SLOAC Steps, Tips and Worksheets

When and How to Assess

Checklist  --> steps to complete assessment. and when to submit results and action plans with the annual program plans/ comprehensive program review

Spring 2013 Assessment Toolkit

Fall 2012 End-of-Semester Reminder

Fall 2012 Mid-Semester Reminder

 

1) CREATING A THREE-YEAR ASSESSMENT CALENDAR

All active courses should be assessed at regular intervals. Therefore, by the end of spring 2013, each instructional department should arrange all active courses on a three-year assessment cycle using the template. (MS Word Template Option). In essence, 1/6 of all your courses should be assessed each semester. Your dean will work with you to identify courses that aren’t offered every semester, as well as courses you may want to bank or delete. Your three-year calendar should be submitted to participating department faculty members, your Dean, and the Office of Instruction.


Please note that the template includes a schedule of ISLO assessment in the bottom row. If one of your courses maps up to a given ISLO, schedule its assessment the same semester as the ISLO assessment since you may be asked to participate in its assessment. Thus you may be able to fulfill a course level and ISLO assessment.

 

2) USING TRACDAT TO DEVELOP A COURSE LEVEL ASSESSMENT PLAN AND DOCUMENT RESULTS  (SEE PSLOs FOR PROGRAM LEVEL ASSESSMENT STEPS.)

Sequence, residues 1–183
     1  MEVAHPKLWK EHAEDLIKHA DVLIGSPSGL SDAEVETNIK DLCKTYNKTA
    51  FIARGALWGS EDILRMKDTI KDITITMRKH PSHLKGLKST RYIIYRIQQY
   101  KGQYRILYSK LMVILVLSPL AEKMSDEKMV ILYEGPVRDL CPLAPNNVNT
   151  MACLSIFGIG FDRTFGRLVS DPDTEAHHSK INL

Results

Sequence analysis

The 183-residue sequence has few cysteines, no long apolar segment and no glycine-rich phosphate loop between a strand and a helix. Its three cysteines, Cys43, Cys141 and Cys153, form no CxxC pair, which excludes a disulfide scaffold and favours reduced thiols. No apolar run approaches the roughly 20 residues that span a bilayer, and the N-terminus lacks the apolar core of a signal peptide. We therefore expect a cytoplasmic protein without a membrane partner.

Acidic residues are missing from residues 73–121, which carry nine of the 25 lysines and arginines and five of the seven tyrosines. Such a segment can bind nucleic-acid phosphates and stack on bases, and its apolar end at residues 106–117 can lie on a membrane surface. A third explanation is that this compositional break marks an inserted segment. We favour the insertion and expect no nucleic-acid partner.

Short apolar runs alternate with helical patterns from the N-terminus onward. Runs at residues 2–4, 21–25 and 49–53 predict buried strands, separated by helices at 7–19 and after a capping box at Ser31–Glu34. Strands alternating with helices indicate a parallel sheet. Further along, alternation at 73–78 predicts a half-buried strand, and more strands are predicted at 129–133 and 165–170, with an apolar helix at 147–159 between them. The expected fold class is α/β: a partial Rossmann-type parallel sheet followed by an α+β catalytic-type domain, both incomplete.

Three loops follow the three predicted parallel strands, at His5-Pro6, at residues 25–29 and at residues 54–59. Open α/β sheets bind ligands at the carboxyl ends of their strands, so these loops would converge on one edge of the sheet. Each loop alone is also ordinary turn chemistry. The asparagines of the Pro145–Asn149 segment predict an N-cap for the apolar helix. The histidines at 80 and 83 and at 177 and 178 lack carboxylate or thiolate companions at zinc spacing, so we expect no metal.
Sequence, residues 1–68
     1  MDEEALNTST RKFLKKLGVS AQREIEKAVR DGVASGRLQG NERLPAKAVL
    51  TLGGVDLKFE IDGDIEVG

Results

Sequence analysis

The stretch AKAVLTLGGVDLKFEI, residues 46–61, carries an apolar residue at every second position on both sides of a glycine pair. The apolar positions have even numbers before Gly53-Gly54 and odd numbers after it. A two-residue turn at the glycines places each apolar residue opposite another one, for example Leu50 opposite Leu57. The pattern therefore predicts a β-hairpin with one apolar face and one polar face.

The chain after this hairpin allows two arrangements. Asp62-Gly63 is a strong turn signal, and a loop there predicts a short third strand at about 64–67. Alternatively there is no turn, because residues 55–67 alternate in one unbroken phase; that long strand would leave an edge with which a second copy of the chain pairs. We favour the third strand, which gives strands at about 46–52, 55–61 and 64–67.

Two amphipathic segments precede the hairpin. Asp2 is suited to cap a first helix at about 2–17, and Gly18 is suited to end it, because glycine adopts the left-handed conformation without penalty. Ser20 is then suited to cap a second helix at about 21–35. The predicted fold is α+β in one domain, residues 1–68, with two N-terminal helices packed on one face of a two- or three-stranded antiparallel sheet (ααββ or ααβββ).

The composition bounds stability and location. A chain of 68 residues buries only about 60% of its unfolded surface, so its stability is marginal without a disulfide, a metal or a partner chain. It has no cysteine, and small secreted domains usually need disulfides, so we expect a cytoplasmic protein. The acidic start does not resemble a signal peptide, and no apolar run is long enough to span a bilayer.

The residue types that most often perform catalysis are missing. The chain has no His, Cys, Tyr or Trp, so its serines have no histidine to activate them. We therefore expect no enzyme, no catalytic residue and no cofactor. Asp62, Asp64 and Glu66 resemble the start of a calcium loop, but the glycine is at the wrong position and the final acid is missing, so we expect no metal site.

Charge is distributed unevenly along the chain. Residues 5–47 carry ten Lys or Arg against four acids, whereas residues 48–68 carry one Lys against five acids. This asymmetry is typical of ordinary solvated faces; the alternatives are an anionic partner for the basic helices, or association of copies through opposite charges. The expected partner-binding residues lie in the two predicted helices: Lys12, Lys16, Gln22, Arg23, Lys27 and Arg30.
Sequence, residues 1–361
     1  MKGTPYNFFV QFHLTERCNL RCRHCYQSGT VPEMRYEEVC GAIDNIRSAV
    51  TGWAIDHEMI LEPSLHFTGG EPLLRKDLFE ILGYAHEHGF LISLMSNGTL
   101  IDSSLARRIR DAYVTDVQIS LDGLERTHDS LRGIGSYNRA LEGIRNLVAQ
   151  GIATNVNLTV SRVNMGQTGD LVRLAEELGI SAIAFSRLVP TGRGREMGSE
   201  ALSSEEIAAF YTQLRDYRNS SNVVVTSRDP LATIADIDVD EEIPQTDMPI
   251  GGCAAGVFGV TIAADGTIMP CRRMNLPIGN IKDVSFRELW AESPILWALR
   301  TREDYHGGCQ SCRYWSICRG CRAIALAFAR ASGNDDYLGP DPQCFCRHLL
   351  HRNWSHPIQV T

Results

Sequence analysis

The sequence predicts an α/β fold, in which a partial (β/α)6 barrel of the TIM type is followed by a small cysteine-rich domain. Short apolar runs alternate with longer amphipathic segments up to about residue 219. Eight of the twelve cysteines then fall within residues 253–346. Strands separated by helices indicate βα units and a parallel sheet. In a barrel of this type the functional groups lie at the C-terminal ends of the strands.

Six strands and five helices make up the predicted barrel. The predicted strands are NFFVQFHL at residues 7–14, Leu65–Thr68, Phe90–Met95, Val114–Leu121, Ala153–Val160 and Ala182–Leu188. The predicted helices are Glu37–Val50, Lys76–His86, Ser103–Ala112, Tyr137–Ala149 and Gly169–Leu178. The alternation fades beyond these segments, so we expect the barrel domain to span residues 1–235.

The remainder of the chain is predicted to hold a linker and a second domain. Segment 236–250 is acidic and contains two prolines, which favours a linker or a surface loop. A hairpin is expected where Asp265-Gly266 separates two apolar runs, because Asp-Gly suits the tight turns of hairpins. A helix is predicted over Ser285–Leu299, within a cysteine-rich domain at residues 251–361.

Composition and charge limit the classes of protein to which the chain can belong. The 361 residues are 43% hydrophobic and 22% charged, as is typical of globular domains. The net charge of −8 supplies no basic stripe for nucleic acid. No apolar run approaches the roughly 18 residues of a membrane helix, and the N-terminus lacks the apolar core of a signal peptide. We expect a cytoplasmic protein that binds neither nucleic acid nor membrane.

An assessment plan is a document that lists your SLOs and identifies your assessment methods, scoring methods, and minimum acceptable performance for each SLO.


Your assessment plan is created by entering information in an online platform called TracDat. Each department has a representative specially trained on TracDat who can help you create your assessment plan. You’ll also find a link to a TracDat user guide on the Skyline College SLOAC website.


Shown below are the six core elements of a course level assessment plan that you’ll be asked to complete on TracDat. Answering these core questions in advance will help you move through the process of creating an assessment plan:


A. SLO Name-- a short-hand title for the student learning outcome


B.SLO-- what the student is expected to do and/or know at the end of the course

An SLO contains three primary characteristics: